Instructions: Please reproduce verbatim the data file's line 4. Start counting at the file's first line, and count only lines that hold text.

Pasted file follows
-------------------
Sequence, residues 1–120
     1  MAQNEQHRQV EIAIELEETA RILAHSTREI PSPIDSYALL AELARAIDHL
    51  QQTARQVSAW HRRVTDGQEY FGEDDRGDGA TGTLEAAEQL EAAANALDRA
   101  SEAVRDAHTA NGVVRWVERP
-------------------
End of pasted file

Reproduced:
   101  SEAVRDAHTA NGVVRWVERP